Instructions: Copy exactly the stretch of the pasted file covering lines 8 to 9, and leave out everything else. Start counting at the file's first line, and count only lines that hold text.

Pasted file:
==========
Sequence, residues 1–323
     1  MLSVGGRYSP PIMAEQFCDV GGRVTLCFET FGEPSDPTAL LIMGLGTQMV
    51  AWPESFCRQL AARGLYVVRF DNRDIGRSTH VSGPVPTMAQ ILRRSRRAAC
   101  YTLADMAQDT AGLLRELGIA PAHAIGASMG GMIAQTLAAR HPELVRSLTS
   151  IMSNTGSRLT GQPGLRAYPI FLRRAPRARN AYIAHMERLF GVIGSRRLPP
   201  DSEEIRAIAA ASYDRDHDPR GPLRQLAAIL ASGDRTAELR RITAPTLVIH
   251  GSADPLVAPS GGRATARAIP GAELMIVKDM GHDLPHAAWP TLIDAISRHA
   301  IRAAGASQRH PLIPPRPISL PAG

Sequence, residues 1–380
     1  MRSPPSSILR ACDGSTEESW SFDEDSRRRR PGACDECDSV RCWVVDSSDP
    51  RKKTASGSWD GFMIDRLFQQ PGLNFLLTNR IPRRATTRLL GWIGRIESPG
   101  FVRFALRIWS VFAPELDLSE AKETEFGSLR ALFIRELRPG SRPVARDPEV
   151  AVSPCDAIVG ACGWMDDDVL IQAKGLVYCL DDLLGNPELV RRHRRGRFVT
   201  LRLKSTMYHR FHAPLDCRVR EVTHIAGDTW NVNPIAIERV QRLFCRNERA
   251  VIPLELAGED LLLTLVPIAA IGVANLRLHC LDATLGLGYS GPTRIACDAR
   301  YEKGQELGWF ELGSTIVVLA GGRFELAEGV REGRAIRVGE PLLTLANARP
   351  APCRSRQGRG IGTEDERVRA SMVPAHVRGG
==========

   301  IRAAGASQRH PLIPPRPISL PAG

Sequence, residues 1–380